Posted inArts & Culture

Open-Air Screenings

Bend It Like Beckham PG-13, 112 min. Wed 7/27, dusk, Union Park, 1501 W. Randolph, 312-746-5494. Ferris Bueller’s Day Off PG-13, 98 min. Wed 7/27, 8:30 PM, Winnemac Park, 5100 N. Leavitt, 312-742-5101. Finding Neverland PG, 101 min. Tue 7/26, 7 PM, Mann Park, 3035 E. 130th St., 773-646-0210; also Thu 7/28, 8:30 PM, Oriole […]

Posted inArts & Culture

Charlie Hunter Trio

Charlie Hunter fooled us with his debut disc in 1993: the album was billed to the Charlie Hunter Trio, but its songs had four distinctly discernible instrumental lines–guitar, sax, bass, and drums. How to explain three musicians playing four parts? Hunter is just a bona fide freak of nature. Using the lower three strings of […]

Posted inColumns & Opinion

Savage Love

I have a question I don’t think you’ve ever addressed. I’m a 32-year-old heterosexual female who was stricken with near-terminal cancer eight years ago. I’ve gone through every sort of treatment known to mankind (and had the gross misfortune of going through menopause at 27 years old). I was sort of a late bloomer when […]

Posted inArts & Culture

Ruins

If the progressive rock of the 70s was a bloated red giant, then the Ruins are the compact, whirling pulsar left behind after the supernova. This bewildering Japanese duo uses only a drum kit and an electric bass to create a frantic, overstuffed conglomeration of dense hyperspeed prog, alien funk, blown-out metal, and batty histrionic […]

Posted inArts & Culture

Gravy Train!!!!

Loads of punk bands walk the line between brilliant and stoopid, but Gravy Train!!!! is the only one I can think of that throws itself down and humps it. The skittering sound of this Oakland band-cum-dirty dance troupe is created by two squeaky-voiced, potty-mouthed girls, a gay guy with a voice like Boo Boo bear, […]

Posted inNews & Politics

Organizing Iraqi History

Steve Nash Anthropologist Field Museum of Natural History Steve Nash is in charge of the roughly 1,500,000 objects in the Field Museum’s anthropology collection, from 40-foot totem poles to bronze bathtubs from Pompeii to rain gear made from sea mammal intestines by arctic natives. His current project is cataloging 32,000 relics excavated in the 1920s […]

Posted inArts & Culture

Sea Marks

This two-person play reveals the gentler side of a company renowned for its gritty, testosterone-driven productions. The woman in Gardner McKay’s bittersweet fable is a secretary working in Liverpool and the man, a fisherman from the western coast of Ireland. Their love is nurtured by letters to each other, but when they finally meet they […]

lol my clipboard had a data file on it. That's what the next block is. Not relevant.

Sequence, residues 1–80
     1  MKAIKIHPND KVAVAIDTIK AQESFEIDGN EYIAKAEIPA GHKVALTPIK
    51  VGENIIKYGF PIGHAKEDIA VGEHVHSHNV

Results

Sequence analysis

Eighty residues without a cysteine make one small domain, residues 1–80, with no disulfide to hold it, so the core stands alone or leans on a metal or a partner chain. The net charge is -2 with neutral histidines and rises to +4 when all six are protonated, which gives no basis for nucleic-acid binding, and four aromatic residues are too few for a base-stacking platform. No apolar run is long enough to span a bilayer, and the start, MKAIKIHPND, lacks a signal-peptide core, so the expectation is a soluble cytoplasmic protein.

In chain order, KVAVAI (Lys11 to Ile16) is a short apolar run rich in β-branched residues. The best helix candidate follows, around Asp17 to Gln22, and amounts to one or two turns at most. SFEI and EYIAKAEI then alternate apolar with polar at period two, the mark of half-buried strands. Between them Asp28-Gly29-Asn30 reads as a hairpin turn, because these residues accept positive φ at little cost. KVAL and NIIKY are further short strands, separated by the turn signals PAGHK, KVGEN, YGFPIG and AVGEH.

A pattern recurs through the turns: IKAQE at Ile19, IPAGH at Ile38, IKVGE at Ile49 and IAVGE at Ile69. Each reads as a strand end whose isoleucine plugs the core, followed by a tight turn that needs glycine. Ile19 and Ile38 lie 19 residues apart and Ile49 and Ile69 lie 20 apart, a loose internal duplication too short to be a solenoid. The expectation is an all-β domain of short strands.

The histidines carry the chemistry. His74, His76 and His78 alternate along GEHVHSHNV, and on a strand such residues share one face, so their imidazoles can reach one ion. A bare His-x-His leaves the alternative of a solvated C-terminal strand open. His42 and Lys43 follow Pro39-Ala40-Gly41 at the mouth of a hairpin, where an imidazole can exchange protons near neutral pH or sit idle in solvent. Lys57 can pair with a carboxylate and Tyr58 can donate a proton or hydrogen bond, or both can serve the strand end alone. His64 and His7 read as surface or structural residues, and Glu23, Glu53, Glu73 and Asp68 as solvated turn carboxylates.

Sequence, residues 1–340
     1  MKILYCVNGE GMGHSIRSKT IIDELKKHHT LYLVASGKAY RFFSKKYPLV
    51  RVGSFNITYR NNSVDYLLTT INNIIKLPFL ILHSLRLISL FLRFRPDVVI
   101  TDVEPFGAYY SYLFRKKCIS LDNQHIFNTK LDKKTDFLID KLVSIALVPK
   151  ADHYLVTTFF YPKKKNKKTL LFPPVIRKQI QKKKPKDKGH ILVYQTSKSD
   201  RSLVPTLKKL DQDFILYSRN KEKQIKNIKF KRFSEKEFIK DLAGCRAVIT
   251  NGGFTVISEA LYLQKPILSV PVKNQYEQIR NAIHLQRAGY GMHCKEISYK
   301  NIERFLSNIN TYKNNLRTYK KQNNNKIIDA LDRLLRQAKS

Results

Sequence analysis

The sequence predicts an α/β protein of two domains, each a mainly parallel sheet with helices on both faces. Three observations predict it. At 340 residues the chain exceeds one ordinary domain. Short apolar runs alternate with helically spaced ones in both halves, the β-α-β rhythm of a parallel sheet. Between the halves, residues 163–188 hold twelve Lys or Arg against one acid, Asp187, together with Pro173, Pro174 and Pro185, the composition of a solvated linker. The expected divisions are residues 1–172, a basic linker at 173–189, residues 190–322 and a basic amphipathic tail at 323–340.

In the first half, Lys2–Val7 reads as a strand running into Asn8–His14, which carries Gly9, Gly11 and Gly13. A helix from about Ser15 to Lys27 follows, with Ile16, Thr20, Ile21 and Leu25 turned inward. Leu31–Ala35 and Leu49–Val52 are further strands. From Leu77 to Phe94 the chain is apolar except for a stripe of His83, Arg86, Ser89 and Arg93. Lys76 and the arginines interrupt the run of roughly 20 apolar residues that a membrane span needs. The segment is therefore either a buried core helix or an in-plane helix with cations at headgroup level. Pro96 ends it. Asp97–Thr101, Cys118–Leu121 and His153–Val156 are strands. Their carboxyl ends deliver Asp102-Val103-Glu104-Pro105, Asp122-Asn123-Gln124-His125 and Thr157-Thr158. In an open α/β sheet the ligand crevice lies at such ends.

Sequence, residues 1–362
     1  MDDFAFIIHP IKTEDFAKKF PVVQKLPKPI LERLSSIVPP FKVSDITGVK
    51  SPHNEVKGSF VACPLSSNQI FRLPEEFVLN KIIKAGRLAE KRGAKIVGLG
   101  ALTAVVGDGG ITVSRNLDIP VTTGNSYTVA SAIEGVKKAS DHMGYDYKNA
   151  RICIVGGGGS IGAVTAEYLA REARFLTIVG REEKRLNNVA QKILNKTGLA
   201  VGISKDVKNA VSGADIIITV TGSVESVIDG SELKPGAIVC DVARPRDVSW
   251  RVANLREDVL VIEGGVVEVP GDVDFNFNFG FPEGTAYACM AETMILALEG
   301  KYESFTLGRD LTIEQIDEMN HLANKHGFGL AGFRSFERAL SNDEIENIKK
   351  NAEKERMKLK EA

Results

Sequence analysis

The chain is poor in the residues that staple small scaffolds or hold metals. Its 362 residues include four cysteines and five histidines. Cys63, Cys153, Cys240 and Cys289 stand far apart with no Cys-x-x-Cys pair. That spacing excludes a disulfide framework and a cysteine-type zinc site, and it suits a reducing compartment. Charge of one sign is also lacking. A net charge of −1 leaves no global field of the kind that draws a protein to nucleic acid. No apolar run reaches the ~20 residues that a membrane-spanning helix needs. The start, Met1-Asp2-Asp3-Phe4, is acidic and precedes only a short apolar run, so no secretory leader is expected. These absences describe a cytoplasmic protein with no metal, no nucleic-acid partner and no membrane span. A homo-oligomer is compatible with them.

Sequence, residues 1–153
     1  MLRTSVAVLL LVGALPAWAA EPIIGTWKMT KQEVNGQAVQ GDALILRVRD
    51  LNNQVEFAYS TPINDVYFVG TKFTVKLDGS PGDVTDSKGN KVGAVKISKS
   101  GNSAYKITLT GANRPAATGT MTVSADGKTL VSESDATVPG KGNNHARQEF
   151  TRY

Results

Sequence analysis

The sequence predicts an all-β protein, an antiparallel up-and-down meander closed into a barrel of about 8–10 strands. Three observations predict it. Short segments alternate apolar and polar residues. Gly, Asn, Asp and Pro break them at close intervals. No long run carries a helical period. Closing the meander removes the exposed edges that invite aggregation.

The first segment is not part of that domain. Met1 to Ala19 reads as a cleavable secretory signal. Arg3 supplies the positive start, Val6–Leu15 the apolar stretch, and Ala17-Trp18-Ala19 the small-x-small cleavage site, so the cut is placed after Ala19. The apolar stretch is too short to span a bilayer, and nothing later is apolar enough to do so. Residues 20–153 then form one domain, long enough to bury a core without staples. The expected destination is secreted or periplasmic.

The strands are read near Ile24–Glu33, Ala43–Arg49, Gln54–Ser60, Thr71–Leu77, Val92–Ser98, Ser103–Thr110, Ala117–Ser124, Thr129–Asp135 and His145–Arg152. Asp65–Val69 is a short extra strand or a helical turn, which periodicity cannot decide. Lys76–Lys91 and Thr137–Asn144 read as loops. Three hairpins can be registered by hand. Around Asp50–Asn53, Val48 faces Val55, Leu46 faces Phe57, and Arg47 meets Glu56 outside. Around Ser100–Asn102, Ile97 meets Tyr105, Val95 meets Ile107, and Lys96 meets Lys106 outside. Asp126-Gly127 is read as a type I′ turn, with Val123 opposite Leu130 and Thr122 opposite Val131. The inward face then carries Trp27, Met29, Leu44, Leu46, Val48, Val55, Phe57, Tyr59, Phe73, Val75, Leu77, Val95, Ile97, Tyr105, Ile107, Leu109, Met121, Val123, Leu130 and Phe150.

Posted inArts & Culture

Lake Street Extension

Oracle Productions opens the doors of its new storefront theater with this 1992 Lee Blessing drama about an abusive father, his troubled son, and the Salvadoran refugee who lives with them for a time. These are turbulent waters for a maiden voyage, but director Aaron Shapiro’s production holds up reasonably well. Exploiting the cramped space […]

Posted inArts & Culture

Hamlet3

Like any great dramatic character, Hamlet is full of contrary impulses. Literalizing this obvious truth, director Christopher Fuller divides the melancholy Dane among three actors representing his “passive,” “emotional,” and “trickster” selves. Predictably, Shakespeare’s complex creation becomes schematized–the emotional Hamlet is droopy, the trickster is demented, and the passive is, um, Hamlet. Occasionally the device […]

Posted inArts & Culture

Unwanted Things

Weeds and trash, Scott Wolniak noticed after he and his wife bought their Humboldt Park home in 1998, had one thing in common: “They were very tenacious–they kept coming back.” In 2001, a year after he entered grad school at the University of Illinois at Chicago, he began collecting weeds and rubbish and photographing the […]

Posted inNews & Politics

Snips

[snip] “Focusing your life solely on making a buck shows a certain poverty of ambition,” U.S. senator Barack Obama told this year’s graduating class of downstate Knox College. “It asks too little of yourself. You need to take up the challenges that we face as a nation and make them your own. Not because you […]

Posted inArts & Culture

That’s Weird, Grandma

Count on Barrel of Monkeys to be clever, funny, and energetic no matter what. For the past four years a rotating cast of its actors has reimagined often bizarre, always hilarious stories they get from young Chicago Public Schools students–simple tales about birthday parties, sibling rivalries, and dance contests and more whimsical ones about adventures […]

Posted inArts & Culture

Suzanne Hancock

Suzanne Hancock works the hell out of bridge metaphors in her first full-length collection of poems, Another Name for Bridge (Mansfield Press). There’s the bridge crossed growing up, the bridge as “swollen and vascular” love “holding two torsos immobile,” the bridge from one season to the next. There’s even the bridge as bridge, “a leap […]